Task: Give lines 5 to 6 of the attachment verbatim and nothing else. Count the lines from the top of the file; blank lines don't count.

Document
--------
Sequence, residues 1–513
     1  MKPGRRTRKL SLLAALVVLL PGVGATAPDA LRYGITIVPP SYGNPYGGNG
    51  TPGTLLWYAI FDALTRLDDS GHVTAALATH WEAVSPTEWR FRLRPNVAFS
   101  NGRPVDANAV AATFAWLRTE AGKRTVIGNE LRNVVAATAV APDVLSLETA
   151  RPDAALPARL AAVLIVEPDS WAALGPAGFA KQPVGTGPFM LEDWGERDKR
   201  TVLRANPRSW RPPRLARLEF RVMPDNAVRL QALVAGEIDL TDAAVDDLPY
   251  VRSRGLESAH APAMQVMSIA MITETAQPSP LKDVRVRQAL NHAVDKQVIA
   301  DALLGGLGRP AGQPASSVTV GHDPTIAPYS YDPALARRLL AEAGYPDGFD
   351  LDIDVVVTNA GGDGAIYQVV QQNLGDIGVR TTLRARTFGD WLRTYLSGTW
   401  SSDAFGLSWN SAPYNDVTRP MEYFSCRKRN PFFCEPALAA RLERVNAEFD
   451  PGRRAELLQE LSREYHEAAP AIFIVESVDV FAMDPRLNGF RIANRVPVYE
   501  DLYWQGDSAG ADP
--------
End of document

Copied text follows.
   151  RPDAALPARL AAVLIVEPDS WAALGPAGFA KQPVGTGPFM LEDWGERDKR
   201  TVLRANPRSW RPPRLARLEF RVMPDNAVRL QALVAGEIDL TDAAVDDLPY